Circumcision in Africa

"The distribution of circumcision and initiation rites throughout Africa, and the frequent resemblance between details of ceremonial procedure in areas thousands of miles apart, indicate that the circumcision ritual has an old tradition behind it and in its present form is the result of a long process of development."[1]

HistoryEdit

Circumcision is prevalent among 92% of men in North Africa and around 62% in Sub-Saharan Africa. In western and northern parts of Africa it is mainly performed for religious reasons, whereas in southern parts of Africa it rarely performed in neonates, instead being a rite of passage into manhood.[2]

African cultural history is conveniently spoken of in terms of language group. The Niger–Congo speakers of today extend from Senegal to Kenya to South Africa and all points between. In the historic period, the Niger–Congo speaking peoples predominantly have and have had male circumcision which occurred in young warrior initiation schools, the schools of Senegal and Gambia being not so very different from those of the Kenyan Gikuyu and South African Zulu. Their common ancestor was a horticultural group five, perhaps seven, thousand years ago from an area of the Cross River in modern Nigeria. From that area a horticultural frontier moved outward into West Africa and the Congo Basin. Certainly, the warrior schools with male circumcision were a part of the ancestral society's cultural repertoire.[3]

Studies evaluating the complications due to Traditional male circumcision have found rates varying from 35% (Kenya) to 48% (South Africa). Infection, delayed wound healing, glans amputation and injury, bleeding, loss of penile sensitivity, excessive removal of foreskin, and death are the major complications reported.[4]

Circumcision to prevent the spread of human immunodeficiency virus in AfricaEdit

WHO identified 14 countries with high rates of heterosexual human immunodeficiency virus transmission and historically low levels of male circumcision coverage (nationally or sub-nationally), and were priorities for scale-up. They are Botswana, Ethiopia, Kenya, Lesotho, Malawi, Mozambique, Namibia, Rwanda, South Africa, Swaziland, Uganda, Zambia, Zimbabwe and Tanzania. From 2008 to mid 2014, around 5.8 million men were circumcised as part of an effort to prevent HIV.[5]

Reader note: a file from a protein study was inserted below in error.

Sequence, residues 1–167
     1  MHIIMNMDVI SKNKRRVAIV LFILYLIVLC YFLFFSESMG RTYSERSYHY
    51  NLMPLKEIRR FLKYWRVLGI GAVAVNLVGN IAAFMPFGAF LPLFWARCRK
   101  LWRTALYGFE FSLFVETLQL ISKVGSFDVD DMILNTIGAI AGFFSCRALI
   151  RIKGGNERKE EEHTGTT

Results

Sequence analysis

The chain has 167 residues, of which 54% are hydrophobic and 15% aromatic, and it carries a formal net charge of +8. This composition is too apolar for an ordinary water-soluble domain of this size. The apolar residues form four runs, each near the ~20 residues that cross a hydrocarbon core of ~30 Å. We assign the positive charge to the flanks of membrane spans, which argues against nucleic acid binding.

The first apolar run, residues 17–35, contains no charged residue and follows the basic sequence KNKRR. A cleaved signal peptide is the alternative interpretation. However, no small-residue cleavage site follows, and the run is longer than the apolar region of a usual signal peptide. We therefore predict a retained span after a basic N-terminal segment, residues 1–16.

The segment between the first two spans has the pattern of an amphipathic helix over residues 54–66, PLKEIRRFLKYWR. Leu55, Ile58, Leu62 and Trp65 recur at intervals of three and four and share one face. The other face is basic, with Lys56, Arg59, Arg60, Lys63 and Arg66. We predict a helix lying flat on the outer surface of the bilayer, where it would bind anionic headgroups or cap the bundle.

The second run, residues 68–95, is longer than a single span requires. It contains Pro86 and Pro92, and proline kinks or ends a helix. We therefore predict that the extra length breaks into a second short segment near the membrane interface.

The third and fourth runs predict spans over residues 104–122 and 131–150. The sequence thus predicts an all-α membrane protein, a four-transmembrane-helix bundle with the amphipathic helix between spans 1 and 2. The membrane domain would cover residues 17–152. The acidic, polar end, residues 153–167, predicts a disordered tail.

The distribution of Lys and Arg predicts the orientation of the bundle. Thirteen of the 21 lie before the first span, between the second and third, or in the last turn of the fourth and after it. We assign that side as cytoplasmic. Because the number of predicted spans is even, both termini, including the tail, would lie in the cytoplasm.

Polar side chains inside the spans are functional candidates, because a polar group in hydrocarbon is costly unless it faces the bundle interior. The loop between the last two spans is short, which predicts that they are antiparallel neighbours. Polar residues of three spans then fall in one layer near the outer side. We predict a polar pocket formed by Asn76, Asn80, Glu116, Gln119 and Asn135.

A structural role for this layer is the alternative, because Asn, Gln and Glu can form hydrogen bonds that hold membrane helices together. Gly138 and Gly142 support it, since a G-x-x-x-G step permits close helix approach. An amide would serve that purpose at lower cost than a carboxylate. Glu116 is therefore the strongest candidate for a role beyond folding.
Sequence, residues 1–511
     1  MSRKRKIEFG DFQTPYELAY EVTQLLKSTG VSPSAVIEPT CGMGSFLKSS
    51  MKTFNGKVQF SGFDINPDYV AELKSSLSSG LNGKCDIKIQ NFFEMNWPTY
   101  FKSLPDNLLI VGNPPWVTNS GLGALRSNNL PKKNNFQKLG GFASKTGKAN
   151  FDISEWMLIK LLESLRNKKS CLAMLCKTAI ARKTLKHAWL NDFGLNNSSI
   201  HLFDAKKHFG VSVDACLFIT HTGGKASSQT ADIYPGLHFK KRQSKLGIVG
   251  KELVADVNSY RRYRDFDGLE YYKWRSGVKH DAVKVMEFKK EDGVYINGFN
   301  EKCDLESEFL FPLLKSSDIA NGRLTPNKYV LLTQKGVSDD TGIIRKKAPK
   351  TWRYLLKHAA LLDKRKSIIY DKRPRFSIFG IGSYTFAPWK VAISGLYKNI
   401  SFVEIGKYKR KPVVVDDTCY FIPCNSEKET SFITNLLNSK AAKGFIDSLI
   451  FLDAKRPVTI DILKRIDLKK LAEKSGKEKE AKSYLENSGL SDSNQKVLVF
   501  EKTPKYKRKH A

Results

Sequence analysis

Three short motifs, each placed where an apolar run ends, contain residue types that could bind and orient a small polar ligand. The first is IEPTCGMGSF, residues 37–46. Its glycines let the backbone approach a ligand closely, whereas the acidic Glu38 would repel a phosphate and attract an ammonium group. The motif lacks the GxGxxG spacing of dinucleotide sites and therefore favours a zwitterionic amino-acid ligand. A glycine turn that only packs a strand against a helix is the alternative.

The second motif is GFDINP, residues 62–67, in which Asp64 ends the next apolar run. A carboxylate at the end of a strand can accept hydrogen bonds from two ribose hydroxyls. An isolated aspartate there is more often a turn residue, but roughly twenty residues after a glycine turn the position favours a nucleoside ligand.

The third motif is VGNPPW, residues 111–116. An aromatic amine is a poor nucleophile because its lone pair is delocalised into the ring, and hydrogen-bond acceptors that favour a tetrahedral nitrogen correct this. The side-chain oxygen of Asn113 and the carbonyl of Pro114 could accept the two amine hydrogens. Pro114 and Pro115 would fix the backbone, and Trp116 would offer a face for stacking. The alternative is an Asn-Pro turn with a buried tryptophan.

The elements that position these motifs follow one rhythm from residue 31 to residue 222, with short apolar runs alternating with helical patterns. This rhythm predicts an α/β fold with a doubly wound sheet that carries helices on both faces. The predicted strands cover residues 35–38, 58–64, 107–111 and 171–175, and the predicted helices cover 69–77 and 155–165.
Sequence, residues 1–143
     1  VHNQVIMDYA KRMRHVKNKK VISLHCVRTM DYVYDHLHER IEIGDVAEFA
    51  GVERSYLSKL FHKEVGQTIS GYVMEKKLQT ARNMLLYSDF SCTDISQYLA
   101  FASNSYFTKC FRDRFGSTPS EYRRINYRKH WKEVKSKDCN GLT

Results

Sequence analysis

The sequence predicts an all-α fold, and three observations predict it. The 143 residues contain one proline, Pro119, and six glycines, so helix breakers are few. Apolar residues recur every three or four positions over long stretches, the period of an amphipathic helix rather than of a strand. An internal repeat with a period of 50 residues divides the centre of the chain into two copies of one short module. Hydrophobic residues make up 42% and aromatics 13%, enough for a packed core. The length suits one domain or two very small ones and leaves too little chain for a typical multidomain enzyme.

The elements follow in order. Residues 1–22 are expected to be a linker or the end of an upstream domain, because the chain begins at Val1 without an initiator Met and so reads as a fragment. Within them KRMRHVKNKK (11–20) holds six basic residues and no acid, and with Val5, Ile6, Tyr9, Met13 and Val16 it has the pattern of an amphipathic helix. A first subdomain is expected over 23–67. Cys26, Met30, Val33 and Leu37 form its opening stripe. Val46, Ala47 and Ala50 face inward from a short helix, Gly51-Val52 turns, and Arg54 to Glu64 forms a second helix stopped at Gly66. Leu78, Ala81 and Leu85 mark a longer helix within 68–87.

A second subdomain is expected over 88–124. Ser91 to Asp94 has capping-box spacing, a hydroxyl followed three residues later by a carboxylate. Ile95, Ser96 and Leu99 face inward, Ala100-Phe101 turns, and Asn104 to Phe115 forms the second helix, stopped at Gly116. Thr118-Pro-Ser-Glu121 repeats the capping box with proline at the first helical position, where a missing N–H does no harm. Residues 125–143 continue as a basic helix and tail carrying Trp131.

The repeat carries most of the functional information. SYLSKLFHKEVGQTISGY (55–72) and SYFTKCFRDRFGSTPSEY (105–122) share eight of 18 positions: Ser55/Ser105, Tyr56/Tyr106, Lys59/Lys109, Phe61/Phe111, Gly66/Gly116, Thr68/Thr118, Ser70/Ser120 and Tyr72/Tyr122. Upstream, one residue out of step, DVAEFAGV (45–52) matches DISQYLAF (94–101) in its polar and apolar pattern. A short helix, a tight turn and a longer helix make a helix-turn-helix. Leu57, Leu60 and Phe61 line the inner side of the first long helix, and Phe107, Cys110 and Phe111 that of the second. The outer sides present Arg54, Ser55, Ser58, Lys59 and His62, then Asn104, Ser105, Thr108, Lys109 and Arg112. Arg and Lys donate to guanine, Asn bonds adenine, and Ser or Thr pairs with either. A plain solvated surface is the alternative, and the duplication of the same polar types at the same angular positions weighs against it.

PEPFAR (the US President's Emergency Fund for AIDS Relief) supported over 15 million circumcisions in 14 countries in Southern and Eastern Africa from 2007 to 2017.[6][7]

There are some who question the effectiveness of circumcision to prevent infection by human immunodeficiency virus in Africa.[8]

NationsEdit

AlgeriaEdit

The male child circumcision rate in Algeria is around 97.9%.[9]

AngolaEdit

The male circumcision rate in Angola is estimated to be 57.5%.[10]

BeninEdit

The male circumcision rate in Benin is estimated to be 92.9%.[11]

BotswanaEdit

The male circumcision rate in Botswana is estimated to be 15.1%.[12]

Burkina FasoEdit

The male circumcision rate in Burkina Faso is estimated to be 88.3%.[13]

BurundiEdit

The male circumcision rate in Burundi is estimated to be 61.7%.[14]

CameroonEdit

The male child circumcision rate in Cameroon is around 90%, in common with other countries of West and North Africa, with operations performed in hospitals and clinics.[15]

Central African RepublicEdit

The male circumcision rate in the Central African Republic is estimated to be 63%.[16]

ChadEdit

The male circumcision rate in Chad is estimated to be 73.5%.[17]

Comoros, TheEdit

The male circumcision rate in the island nation of The Comoros is estimated to be 99.4%.[18]

Congo, Democratic RepublicEdit

The male circumcision rate in the Democratic Republic of the Congo is estimated to be 97.2%.[19]

Congo, RepublicEdit

The male circumcision rate in the Republic of the Congo is estimated to be 70%.[20]

DjiboutiEdit

The male circumcision rate in Djibouti is estimated to be 96.5%.[21]

EgyptEdit

The male child circumcision rate in Egypt is around 94%.[22]

Equatorial GuineaEdit

The male circumcision rate in Equatorial Guinea is estimated to be 87%.[23]

EritreaEdit

The male circumcision rate in Eritrea is estimated to be 97.2%.[24]

EthiopiaEdit

The male circumcision rate in Ethiopia is estimated to be 92.2%.[25]

GabonEdit

The male circumcision rate in Gabon is estimated to be 99.9%.[26]

Gambia, TheEdit

The male circumcision rate in The Gambia is estimated to be 94.5%.[27]

GhanaEdit

The male child circumcision rate in Ghana is around 95%, with operations performed in hospitals and clinics. However, there are some variations in the country. For example, circumcision is less common in Ghana's Upper West Region, at 68%.[28]

GuineaEdit

The male circumcision rate in Guinea is estimated to be 84.2%.[29]

Guinea-BissauEdit

The male circumcision rate in Guinea-Bissau is estimated to be 93.3%.[30]

Ivory CoastEdit

The male circumcision rate in Ivory Coast is around 95%,[31] with operations conducted in hospitals and health clinics.

KenyaEdit

The male circumcision rate in Kenya is around 84%, with operations performed in hospitals and clinics.[28]

In traditional circumcisions, often the same knife is used for many initiates.[32][33] This is thought to contribute to the spread of HIV.